Beyond the shock of Russia's invasion of its neighbor, "the impact was heavy" for Caudrina, stopping its sales to Ukraine, says Marco Dogliotti, son of the owner of this agricultural company located in Castiglione Tinella, south of Turin.
“Since 2017, we have been exporting some 4,000 bottles per year to Ukraine, 80% of which are Asti Spumante, with a good turnover. Unfortunately, this market, which was booming in 2021, is now totally lost”, regrets he.
Italy is the leading wine supplier for Russia and Ukraine, far ahead of France.
More than a quarter of the exports of Asti Spumante, whose production rose by 12% in 2021, went to these two countries, very fond of its sweetness and its fine bubbles.
14 million bottles
"We hope that the war will end as soon as possible. From an economic point of view, it is undeniable that for us, the Russian, Ukrainian and Belarusian markets represent 14 million bottles per year," Flavio told AFP. Scagliola, vice-president of the Asti DOCG consortium.
Bottles of Asti Spumante at La Caudrina in Castiglione Tinella in the Langhe region, March 25, 2022 MARCO BERTORELLO AFP
Two pallets of this very popular sparkling wine were ready from the Caudrina to Ukraine when the war broke out.
"The day of the invasion, our importers were calm, they did not imagine such a disaster, but the next day they fled", remembers Marco Dogliotti.
A budding beard, a smirk, this 39-year-old winegrower says he is "passionate" about his job and is now looking for new opportunities around the world, whether in Japan, Australia or Nigeria.
The family business, founded in the 1940s by his grandfather, exports nearly 40% of its wine, grown on 25 hectares, and also produces white Muscat and Barbera, a red grape variety.
If Asti Spumante is indeed on the list of luxury products whose export to Russia was banned by the European Union in mid-March, like champagnes and grands crus, it should escape it in the insofar as only bottles with a value greater than 300 euros are a priori concerned.
Marco Dogliotti, son of the owner of La Caudrina, in his vineyard in Castiglione Tinella in the Langhe, March 25, 2022 MARCO BERTORELLO AFP
"Very few Italian wines fall into this category, apart from the great wines such as Super Tuscans, Brunello di Montalcino or Piedmontese Barolo which are sold at very high prices", commented to AFP Denis Pantini, manager. agri-food and wines from the Nomisma observatory.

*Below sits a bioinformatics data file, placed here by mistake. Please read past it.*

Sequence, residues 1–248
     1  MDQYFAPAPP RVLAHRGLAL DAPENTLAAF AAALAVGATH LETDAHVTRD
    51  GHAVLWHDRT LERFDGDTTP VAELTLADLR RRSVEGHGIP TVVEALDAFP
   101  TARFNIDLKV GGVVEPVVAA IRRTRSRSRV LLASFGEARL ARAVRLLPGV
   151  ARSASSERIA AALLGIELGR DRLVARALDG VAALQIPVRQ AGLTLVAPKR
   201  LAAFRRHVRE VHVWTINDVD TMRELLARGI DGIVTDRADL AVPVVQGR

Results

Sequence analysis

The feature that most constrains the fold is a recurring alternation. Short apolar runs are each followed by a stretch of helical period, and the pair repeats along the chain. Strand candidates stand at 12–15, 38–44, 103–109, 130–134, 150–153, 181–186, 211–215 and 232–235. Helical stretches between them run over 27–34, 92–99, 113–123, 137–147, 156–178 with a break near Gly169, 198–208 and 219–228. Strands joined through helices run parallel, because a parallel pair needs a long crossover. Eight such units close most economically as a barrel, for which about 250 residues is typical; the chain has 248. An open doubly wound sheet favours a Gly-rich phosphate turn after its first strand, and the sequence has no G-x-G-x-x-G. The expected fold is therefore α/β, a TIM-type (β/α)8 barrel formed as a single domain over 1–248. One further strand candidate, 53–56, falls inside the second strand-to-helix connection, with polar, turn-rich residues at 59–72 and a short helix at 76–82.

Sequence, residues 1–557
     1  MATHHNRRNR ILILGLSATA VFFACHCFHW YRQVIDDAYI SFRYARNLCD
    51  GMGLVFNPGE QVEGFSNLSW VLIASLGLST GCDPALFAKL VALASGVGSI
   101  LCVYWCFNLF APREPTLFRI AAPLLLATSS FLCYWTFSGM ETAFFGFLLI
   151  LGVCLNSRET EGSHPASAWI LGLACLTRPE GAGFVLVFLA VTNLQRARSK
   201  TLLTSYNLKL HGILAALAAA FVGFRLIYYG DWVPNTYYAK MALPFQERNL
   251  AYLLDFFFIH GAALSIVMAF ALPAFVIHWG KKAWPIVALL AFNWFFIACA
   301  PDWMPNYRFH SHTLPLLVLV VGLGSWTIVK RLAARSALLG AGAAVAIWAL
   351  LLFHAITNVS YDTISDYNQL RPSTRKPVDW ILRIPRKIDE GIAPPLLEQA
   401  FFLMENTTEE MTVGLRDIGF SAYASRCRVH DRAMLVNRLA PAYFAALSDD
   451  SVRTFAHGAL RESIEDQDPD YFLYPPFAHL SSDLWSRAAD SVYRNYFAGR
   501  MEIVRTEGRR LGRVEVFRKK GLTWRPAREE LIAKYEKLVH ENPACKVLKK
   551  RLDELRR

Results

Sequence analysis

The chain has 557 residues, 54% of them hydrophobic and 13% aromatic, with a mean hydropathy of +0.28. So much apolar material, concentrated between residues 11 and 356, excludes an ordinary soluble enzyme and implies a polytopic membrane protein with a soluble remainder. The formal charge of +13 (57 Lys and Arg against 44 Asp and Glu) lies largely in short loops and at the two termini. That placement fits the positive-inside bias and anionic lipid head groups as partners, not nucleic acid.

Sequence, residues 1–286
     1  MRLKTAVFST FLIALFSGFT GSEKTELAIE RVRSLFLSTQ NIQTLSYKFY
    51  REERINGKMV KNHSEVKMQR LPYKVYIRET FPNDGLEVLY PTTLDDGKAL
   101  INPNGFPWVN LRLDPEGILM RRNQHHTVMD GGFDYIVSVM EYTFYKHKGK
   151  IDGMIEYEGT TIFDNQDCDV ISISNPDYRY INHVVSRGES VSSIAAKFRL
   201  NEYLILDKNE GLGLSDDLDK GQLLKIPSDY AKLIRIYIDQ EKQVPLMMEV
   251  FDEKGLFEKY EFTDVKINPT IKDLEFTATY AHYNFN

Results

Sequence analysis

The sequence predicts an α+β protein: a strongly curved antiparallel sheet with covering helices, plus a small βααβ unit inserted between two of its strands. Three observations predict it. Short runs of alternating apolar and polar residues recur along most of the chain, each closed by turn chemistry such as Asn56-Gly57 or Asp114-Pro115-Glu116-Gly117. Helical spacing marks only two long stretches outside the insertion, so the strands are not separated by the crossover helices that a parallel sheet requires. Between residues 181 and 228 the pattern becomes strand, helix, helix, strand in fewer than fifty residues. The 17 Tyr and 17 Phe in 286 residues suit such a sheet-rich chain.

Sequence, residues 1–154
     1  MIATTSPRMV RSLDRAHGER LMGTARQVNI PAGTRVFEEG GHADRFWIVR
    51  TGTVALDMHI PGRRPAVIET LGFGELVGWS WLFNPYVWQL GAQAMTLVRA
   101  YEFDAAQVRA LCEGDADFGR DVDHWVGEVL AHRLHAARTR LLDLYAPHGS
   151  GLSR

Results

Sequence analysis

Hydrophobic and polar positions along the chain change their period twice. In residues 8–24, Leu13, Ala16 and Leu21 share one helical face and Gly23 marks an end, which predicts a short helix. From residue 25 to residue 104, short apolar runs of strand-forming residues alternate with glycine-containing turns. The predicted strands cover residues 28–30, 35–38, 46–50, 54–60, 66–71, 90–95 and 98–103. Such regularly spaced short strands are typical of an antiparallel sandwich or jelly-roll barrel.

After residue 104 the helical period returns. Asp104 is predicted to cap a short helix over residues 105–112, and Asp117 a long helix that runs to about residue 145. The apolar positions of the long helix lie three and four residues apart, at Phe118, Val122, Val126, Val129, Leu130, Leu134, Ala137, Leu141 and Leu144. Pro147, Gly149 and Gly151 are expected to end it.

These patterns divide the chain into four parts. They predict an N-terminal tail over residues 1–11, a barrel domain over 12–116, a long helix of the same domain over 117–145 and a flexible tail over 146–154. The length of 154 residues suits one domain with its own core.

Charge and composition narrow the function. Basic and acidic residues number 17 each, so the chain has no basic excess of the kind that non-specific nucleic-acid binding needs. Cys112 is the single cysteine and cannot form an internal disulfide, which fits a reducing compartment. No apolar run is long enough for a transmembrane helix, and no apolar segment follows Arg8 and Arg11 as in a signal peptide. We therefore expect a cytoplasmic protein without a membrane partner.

For Asti Spumante, "the risk is not so much related to an export blockade but rather to the problem of payments after the exclusion of Moscow from the Swift banking messaging network, the collapse of the ruble and the difficulties that have arisen in transportation,” he explained.
But some Italian wine exporters are getting around the hurdles, passing through Belarus or Latvia and the few Russian banks that are not excluded from the Swift, according to industry sources.
The war in Ukraine has also aggravated the shortage of raw materials and the surge in their prices from which viticulture has suffered since last year, such as the lack of cardboard, glass or aluminum, of which Russia is the world's third largest producer. and which is used to make capsules.
Giovanni Correggia, boss of an organic wine producer in Canale in the Roero region, March 25, 2022 MARCO BERTORELLO AFP
"We were on the verge of stopping our sales last week, for lack of cardboard for packaging, but at the last minute, our supplier was able to get us some," says Giovanni Correggia, 29, head of a producer of fine organic wines in Canale in the Roero region, which borders the Langhe.
His father, Matteo Correggia, was one of the famous "Barolo Boys", who in the 80s and 90s revolutionized the wines of their territory and managed to make them known all over the world, starting with the United States.
As for Russia, the experience of the small Italian company founded in 1985 turned sour: after a few years of collaboration, its Moscow importer had to go out of business in 2018, suspected of money laundering, leaving large debts.
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